What's in Bloom?

Joe – Pye Weed

08/01/2013 - 09/30/2013

Memphis Botanic Garden map


Joe – Pye Weed, Eupatorium maculatum ‘Gateway’  

Attributes:   In late summer, Joe-Pye weed can be seen growing along road sides and ditches through-out the mid-west and the upper south.  It is a robust plant which many times will attain a height of 10 to 12 feet.  The selection ‘Gateway’ which has the added attraction of purple stems usually grows to only 6 feet - still a back of the border plant, but much easier to fit into an urban landscape.  The enormous purple panicles often 10-12 inches across when in full bloom, will really steal the show in late summer, when very few other perennials are still at their best.   In the 19th century, Joe-Pye Weed was widely used to treat kidney stones and fever.  Joe Pye was a colonial herb doctor who was a proponent of using plants species that were utilized by Native Americans for medicinal purposes.   Another benefit of planting this species is that it is used by several swallowtails such as black, tiger, zebra, giant and spicebush as well as Gulf and Greater fritillary butterflies, makes this a great reason to add this species to your landscape.  

 Growing Tips:   Being a Native American plant, it is well adapted to growing in our climate.  Hardy in zones 4 to 7 (Memphis is in zone 7); the main requirements are full sun and moist, reasonably fertile soil.  In nature, it occurs in areas that flood occasionally, so it would be excellent near a stream bank or pond, but does equally well under garden conditions with regular watering.   Planting in early spring or late fall is recommended, but container grown specimens could be planted during the growing season as long as attention to watering was observed.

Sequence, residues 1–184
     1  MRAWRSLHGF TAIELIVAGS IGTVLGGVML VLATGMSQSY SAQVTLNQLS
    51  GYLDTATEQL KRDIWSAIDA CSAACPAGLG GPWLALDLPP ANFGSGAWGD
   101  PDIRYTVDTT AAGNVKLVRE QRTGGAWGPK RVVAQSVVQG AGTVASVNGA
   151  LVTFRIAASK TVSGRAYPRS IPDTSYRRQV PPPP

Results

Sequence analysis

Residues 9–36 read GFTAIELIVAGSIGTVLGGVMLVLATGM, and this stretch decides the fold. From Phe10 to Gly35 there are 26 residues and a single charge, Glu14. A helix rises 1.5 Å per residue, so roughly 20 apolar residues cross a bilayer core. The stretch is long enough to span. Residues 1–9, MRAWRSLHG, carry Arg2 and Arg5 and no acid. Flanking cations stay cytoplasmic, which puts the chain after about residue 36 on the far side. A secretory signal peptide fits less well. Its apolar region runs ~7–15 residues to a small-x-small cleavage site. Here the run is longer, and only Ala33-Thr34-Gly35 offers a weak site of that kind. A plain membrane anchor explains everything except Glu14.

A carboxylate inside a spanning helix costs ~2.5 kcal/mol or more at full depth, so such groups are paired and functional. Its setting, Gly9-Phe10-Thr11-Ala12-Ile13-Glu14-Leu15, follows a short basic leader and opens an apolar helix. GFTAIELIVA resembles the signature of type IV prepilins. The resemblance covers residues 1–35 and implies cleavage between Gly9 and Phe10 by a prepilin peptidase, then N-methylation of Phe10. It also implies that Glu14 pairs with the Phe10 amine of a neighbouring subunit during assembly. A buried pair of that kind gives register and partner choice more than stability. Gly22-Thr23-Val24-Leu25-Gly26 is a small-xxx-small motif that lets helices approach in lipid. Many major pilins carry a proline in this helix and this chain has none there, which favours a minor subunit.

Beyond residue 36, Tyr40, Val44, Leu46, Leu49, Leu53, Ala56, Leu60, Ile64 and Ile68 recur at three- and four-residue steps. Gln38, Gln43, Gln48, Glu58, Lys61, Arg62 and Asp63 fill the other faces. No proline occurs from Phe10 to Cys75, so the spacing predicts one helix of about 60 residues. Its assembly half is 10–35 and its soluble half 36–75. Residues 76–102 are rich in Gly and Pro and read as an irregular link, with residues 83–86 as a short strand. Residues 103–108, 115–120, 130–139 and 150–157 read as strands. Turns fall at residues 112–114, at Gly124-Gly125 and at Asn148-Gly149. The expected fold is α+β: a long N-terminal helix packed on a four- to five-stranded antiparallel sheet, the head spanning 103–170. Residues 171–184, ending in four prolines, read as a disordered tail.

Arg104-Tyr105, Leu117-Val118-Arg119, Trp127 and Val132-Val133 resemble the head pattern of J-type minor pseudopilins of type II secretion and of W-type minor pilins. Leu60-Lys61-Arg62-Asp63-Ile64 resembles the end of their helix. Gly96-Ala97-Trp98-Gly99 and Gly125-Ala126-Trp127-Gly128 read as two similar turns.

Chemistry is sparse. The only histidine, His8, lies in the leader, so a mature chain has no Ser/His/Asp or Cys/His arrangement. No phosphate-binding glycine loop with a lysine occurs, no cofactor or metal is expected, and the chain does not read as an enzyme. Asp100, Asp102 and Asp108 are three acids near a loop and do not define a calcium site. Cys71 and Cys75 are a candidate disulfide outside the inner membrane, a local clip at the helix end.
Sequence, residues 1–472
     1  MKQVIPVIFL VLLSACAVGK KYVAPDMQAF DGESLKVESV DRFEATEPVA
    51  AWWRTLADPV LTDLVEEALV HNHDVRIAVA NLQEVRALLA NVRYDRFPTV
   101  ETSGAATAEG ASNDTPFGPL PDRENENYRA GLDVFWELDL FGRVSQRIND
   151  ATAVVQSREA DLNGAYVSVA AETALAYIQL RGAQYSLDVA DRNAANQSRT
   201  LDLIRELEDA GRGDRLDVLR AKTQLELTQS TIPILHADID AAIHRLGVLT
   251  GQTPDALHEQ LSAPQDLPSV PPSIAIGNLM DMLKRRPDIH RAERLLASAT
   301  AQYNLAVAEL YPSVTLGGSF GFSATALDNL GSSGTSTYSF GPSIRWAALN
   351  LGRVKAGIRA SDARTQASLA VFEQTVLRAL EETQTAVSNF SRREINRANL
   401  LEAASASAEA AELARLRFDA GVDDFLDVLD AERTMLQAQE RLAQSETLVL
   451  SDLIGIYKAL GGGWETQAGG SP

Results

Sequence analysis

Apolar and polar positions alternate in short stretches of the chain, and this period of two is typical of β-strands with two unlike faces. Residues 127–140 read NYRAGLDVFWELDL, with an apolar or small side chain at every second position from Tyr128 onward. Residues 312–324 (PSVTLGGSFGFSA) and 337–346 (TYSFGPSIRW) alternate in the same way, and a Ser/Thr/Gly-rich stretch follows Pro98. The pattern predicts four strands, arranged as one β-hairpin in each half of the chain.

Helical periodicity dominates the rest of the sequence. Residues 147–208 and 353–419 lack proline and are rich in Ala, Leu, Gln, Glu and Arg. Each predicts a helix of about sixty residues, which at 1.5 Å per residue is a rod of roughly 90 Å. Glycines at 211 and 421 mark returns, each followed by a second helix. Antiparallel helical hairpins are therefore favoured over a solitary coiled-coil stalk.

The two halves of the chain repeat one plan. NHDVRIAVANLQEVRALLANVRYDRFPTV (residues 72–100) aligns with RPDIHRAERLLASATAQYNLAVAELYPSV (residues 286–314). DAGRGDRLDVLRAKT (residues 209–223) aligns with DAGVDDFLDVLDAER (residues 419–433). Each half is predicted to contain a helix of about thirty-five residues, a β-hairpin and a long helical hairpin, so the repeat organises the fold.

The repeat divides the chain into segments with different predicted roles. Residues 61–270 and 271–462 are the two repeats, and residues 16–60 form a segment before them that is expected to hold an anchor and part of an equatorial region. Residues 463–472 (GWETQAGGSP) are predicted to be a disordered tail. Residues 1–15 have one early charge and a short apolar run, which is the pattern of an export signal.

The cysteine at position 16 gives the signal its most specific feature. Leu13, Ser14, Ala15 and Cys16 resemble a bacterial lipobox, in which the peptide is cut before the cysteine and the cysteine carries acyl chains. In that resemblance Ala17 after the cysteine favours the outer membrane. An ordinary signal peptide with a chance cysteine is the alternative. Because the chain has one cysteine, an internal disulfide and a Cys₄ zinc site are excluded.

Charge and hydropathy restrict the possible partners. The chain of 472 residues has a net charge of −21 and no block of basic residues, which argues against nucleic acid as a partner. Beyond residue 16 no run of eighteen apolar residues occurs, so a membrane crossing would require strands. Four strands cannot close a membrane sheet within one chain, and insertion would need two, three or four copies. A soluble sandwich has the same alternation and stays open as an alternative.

Landscape Value:   Blooming in the heat of late summer, this is a plant to “wow” you with its size and color.  Be sure to allow plenty of room for it to spread out as it grows.  I would say at least a five to six foot space for a single plant.  Logical companions would be large ornamental grasses and composites such as Rudbeckias and Echinaceas.  All of these plants would look best in a large perennial border or even a meadow garden.  


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